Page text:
Virginia Gov. Ralph Northam addressed the ongoing COVID-19 pandemic response and racial inequity amid protests outside the state Capitol.
Most of the state is ready to enter Phase Two of its reopening plan Friday, Northam said during a briefing Tuesday.
He also offered words of support for the African-American community and outlined four steps to improve racial inequity in the state.
Phase Two reopening
Though most of Virginia will move into Phase Two of the reopening plan Friday, Northam said Northern Virginia and Richmond will remain in the first phase, citing the fact that “they only moved into Phase I last Friday, and we need more time to monitor their health metrics.”
Accomack County, which had delayed reopening due to outbreaks in poultry plants, will move into Phase Two with the rest of the commonwealth also on Friday.
Here’s what Phase Two entails:
- Restaurants can have indoor seating at 50% capacity.
- Gyms and fitness centers can have indoor classes and workouts at 30% capacity.
- Museums, zoos and other outdoor venues can reopen with restrictions.
- Recreational sports are allowed with physical distancing requirements and no shared equipment.
- Pools can open with restrictions.
- Gatherings of up to 50 people are allowed, up from a limit of 10 people.
Virginians are still strongly encouraged to continue teleworking and follow social distancing measures. Face coverings remain required at indoor public establishments.
Northam said more details will be released Thursday.
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George Floyd protests
With hundreds of protesters gathered outside the Patrick Henry Building, Northam spent several minutes addressing the widespread protests in response to the death of George Floyd before ceding the floor to prominent voices of color in the state.
“My message to protesters here in Richmond and around Virginia is that I hear you. I’m here to work with you so that together, we can help build a place where no one fears for their life because of the color of their skin. I pledge to stand with you,” Northam said.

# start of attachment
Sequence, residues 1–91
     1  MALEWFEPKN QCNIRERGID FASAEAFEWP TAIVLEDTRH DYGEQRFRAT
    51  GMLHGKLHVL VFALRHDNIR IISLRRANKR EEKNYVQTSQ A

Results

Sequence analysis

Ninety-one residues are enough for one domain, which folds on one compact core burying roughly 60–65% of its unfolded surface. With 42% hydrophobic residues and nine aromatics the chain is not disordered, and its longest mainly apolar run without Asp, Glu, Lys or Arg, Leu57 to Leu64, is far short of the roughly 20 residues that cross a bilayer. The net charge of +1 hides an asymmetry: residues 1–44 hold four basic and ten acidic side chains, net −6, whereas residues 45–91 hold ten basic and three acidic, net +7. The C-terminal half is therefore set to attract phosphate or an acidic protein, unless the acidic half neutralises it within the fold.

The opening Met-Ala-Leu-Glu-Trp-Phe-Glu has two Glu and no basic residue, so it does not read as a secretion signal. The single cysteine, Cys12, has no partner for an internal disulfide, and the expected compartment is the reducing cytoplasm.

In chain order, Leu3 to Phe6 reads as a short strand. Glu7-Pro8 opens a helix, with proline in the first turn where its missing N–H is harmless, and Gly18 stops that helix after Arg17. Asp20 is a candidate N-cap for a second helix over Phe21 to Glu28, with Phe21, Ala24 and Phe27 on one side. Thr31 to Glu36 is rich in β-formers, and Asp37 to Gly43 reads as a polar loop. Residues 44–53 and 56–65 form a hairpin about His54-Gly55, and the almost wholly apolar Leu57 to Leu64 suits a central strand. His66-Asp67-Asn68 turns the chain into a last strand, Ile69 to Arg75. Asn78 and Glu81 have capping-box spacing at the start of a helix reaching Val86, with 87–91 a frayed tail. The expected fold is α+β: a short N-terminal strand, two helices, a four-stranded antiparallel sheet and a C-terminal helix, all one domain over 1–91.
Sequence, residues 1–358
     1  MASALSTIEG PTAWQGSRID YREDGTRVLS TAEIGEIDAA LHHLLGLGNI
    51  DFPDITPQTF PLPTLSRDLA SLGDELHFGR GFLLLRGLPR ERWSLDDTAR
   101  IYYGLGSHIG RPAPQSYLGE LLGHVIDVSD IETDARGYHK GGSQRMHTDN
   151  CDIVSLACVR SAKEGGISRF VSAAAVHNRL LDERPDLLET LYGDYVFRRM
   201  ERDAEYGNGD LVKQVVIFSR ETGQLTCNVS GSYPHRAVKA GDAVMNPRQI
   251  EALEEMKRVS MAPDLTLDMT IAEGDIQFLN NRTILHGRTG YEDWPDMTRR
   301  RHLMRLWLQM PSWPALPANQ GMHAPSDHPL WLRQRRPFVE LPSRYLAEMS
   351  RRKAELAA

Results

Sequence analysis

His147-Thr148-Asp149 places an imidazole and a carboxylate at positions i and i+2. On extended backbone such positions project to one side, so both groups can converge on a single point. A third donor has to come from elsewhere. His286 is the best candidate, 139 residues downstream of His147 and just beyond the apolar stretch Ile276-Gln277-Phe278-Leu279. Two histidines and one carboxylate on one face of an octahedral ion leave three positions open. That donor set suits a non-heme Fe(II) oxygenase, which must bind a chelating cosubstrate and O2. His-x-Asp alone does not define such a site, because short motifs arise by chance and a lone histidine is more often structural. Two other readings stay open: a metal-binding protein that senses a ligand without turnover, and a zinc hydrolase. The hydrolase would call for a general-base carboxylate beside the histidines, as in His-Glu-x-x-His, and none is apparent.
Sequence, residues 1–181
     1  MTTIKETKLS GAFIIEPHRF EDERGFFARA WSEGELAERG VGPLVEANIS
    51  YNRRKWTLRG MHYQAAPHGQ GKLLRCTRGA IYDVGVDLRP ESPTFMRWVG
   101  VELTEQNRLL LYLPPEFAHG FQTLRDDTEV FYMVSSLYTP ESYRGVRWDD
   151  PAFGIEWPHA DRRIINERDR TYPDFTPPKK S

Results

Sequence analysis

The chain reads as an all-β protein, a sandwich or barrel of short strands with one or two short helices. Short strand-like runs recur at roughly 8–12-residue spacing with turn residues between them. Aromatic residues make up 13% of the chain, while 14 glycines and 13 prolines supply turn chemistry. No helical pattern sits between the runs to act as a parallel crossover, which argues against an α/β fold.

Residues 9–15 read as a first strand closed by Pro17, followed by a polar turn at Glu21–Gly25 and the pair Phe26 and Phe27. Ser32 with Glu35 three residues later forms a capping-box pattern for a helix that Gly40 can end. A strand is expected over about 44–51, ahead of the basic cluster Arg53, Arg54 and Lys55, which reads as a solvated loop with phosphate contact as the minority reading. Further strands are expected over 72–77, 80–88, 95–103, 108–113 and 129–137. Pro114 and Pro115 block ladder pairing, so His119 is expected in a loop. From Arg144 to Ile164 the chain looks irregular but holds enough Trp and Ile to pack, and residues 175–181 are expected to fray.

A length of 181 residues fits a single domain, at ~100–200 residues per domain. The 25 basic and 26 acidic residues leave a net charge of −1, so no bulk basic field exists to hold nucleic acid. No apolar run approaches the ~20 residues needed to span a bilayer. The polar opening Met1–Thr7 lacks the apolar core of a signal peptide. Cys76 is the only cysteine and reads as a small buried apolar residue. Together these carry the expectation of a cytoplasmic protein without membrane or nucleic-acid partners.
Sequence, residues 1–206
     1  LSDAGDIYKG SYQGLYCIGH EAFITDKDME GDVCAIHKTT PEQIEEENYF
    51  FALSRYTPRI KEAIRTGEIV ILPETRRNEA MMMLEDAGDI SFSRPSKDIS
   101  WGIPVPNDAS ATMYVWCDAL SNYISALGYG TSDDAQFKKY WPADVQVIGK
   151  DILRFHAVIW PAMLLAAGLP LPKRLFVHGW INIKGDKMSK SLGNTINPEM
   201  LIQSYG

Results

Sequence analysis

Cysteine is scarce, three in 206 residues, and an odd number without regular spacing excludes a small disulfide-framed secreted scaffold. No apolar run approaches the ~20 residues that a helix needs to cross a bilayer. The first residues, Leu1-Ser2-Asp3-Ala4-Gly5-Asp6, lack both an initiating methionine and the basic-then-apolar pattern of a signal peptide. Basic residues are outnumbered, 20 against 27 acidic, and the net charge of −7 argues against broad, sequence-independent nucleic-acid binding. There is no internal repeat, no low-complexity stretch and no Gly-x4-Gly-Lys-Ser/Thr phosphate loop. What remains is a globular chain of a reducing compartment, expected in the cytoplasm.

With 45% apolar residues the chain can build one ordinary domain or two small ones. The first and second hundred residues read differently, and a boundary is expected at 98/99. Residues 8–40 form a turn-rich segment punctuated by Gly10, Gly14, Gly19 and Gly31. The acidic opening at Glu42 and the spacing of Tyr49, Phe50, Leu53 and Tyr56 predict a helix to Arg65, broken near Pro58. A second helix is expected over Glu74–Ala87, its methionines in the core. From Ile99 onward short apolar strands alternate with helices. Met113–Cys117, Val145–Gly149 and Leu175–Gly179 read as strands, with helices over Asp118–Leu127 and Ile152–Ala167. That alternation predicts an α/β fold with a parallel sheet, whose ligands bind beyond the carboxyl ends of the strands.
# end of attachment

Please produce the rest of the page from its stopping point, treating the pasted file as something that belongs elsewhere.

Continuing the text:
The Democratic governor, who did not directly address his own blackface scandal from last year, said, “Black oppression has always existed in this country, just in different forms,” adding that, “racism and discrimination aren’t locked in our past … they didn’t disappear. They evolved.”
Northam listed possible measures to amend social injustices, including Medicaid expansion, criminal justice reforms, decriminalizing marijuana and making Election Day a holiday so everyone has a chance to vote.
“I cannot imagine what it’s like to be an African-American person right now,” Northam said. “I cannot know the depth of your pain. But, what I can do is stand with you and I can support you. And, together, we’re going to turn this pain into action.”
Northam outlined how Virginia will pursue racial equity in education, health care and in access to other opportunities:
- Keep listening and learning, such as having virtual town halls to continue the conversation about criminal justice reform and public safety.
- Meet with the Virginia Association of Chiefs of Police to work toward more diverse police staffs and better interactions with the community.
- Working with leaders on a statewide day of prayer, healing and action.
- Teaming with black leaders and the Virginia African American Advisory Board to examine racial inequity in state laws, and auditing the state’s code with a focus on criminal justice and public safety.
“These actions will not bring back lives that have been lost, but they are steps toward an America — and a Virginia — where this doesn’t happen. They are steps toward fixing the inequities embedded in our systems,” Northam said.
The governor then stepped aside to allow leaders from around the state to speak, some of whom are involved in his plan for creating more equity in Virginia, including state Del. Delores McQuinn, the Virginia NAACP’s Cynthia Hudson and Albemarle High School senior Naquel Perry.
“We must tell the full and the true story of the inequities that have resulted from over 400 years of discrimination,” said McQuinn. “Now is the time for us to deal with it, head on.”
Perry, a part of the Student Equity Advisory Team (SEAT), addressed fellow young people.
“We are the future,” he said. “Our voice needs to be heard and we need to come together now more than ever. We need everyone to make this thing bigger and to help us.”
Editor’s note: An earlier version of this story misspelled George Floyd’s name in one instance.